# bit manipulation on a float sign bit (optimize hack)

While tinkering on a faster sin(x) function - http://arduino.cc/forum/index.php/topic,69723.0.html - I noticed that negation of a float takes 1.5 micros, not very much but I use it twice in my code and 3 micros is 6.7% of my code. Then I wondered if I could just flip the sign bit with an x-or, and if so would it be faster?

So I made this sketch to test, // learned: The signbit of an arduino float is located in byte 4,

``````void setup()
{
Serial.begin(115200);
Serial.println("start");

volatile float zz = 100;

unsigned long before = micros();
for (int i=0; i< 30000; i++)
{
*(((byte*) &zz)+3) |= 0x80;  // Force negative   zz = -fabs(zz);
}
Serial.println((micros() - before)/30000.0);
Serial.println(zz);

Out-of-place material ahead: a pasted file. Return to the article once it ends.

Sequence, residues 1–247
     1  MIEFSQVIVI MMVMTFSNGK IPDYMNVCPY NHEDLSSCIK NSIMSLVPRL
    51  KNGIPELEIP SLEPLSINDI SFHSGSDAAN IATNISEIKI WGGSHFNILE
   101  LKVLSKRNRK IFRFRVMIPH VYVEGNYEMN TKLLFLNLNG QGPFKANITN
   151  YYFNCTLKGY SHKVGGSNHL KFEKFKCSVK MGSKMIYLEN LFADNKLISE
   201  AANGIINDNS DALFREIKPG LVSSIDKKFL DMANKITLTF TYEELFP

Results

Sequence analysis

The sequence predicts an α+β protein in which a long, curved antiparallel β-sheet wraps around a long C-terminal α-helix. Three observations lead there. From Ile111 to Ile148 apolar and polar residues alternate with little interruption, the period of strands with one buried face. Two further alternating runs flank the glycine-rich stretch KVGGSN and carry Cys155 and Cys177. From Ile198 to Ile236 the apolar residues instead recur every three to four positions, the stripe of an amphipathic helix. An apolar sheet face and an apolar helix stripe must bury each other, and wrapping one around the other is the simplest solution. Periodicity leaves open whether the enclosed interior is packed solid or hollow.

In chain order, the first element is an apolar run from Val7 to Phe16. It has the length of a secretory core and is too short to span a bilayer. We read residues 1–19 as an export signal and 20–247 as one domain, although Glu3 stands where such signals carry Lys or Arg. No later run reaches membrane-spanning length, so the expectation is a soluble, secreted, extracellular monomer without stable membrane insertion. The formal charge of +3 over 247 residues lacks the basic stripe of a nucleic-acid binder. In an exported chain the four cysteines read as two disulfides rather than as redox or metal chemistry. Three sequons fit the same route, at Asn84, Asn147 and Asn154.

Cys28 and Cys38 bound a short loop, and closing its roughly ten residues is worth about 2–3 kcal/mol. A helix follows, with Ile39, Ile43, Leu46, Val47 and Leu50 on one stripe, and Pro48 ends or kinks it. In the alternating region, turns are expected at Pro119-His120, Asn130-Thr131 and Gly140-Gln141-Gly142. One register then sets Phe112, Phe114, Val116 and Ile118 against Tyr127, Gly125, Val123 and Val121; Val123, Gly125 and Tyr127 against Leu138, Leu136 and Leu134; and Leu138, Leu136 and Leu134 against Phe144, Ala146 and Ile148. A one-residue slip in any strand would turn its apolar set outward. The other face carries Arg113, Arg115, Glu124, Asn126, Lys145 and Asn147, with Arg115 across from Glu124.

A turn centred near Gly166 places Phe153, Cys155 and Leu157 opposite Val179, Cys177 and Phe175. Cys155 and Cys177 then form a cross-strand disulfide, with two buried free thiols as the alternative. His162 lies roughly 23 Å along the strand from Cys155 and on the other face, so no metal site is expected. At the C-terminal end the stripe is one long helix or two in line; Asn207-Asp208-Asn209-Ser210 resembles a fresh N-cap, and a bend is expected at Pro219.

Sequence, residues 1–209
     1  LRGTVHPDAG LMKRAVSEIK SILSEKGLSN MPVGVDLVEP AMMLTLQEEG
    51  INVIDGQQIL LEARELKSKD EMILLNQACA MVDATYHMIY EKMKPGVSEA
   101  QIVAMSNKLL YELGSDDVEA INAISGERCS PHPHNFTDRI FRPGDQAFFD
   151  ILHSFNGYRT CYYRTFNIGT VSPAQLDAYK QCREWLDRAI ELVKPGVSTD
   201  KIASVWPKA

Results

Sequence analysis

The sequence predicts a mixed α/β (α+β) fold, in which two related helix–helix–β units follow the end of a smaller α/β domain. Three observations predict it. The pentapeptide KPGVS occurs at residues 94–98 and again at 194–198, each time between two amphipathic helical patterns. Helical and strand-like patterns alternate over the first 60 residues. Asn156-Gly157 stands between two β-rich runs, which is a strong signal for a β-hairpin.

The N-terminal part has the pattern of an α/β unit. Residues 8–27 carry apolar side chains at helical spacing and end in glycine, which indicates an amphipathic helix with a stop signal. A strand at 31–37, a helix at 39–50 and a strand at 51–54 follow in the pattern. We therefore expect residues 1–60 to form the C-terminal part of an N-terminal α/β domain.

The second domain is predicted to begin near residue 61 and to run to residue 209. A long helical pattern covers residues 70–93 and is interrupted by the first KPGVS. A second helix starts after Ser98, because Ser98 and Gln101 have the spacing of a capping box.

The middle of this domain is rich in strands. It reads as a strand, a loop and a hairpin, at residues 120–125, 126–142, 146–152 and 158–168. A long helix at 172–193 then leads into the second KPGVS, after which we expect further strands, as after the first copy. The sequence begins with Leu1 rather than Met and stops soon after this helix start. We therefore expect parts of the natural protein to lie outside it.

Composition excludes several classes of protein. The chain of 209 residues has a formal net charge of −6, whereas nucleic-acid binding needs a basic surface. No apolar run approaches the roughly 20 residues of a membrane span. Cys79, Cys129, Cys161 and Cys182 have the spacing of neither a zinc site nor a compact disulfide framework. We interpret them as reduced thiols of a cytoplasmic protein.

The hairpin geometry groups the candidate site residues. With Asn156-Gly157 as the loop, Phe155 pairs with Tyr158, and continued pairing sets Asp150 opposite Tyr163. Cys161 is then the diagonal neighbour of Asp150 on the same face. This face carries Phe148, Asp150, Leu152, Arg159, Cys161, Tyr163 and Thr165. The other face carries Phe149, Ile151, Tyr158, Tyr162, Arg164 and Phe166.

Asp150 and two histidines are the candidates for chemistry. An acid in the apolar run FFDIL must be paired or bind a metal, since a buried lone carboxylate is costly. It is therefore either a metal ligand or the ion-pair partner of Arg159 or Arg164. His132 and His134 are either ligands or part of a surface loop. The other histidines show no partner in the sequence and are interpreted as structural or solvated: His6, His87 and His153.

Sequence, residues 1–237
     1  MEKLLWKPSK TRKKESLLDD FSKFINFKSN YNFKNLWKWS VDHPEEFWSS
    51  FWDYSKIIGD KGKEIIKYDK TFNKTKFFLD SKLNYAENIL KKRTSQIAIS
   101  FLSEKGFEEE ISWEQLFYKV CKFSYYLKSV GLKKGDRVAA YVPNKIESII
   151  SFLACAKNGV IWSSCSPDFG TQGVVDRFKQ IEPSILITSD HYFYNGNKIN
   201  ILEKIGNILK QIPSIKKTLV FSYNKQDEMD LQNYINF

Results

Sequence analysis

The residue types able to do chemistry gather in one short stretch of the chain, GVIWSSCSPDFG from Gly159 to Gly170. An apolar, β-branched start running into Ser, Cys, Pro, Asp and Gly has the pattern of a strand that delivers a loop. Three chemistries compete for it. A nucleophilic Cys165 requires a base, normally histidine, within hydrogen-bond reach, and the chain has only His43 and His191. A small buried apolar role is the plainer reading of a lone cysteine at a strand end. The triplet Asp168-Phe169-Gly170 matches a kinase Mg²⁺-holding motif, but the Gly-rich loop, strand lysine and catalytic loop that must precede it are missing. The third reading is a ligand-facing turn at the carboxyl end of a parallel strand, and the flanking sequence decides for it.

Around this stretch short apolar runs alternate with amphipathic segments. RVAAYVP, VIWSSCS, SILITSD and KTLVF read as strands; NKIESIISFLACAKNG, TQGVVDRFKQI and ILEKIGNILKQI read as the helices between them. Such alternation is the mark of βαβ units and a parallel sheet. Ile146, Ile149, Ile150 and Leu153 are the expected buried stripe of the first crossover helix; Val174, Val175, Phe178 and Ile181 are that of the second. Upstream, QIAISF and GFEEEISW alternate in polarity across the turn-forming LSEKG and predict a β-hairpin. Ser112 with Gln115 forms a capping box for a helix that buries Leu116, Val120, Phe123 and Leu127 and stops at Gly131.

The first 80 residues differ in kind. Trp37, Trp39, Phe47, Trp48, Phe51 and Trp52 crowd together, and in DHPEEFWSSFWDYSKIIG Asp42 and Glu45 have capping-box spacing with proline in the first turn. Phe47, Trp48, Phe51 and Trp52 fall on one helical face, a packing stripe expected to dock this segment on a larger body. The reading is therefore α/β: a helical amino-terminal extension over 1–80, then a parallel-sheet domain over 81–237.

before = micros();
for (int i=0; i< 30000; i++)
{
*(((byte*) &zz)+3) &= 0x7F;  // force positive  zz = fabs(zz);
}
Serial.println((micros() - before)/30000.0);
Serial.println(zz);

before = micros();
for (int i=0; i< 30001; i++)
{
*(((byte*) &zz)+3) ^= 0x80;  // equals  zz = -zz;
}
Serial.println((micros() - before)/30000.0);
Serial.println(zz);

before = micros();
for (int i=0; i< 30000; i++)
{
zz = -zz;
}
Serial.println((micros() - before)/30000.0);
Serial.println(zz);
}

void loop(){}
``````

output, arduino 2009 (ide22, win7/64)

start
0.75
-100.00
0.75
100.00
0.75
-100.00
1.51
-100.00

==> Yes it works! twice as fast as the normal code,

Note: remember 0.75 microsec is just 12 instructions, so use this kind of optimization only if you are as desparate for cycles as me Same way you can test if float is negative: if (zz<0)

``````zz = -100;
if (*(((byte*) &zz)+3) & 0x80) Serial.println("N");
else Serial.println("P");
``````

Agree, not the most readable code // not fully tested so all disclaimers apply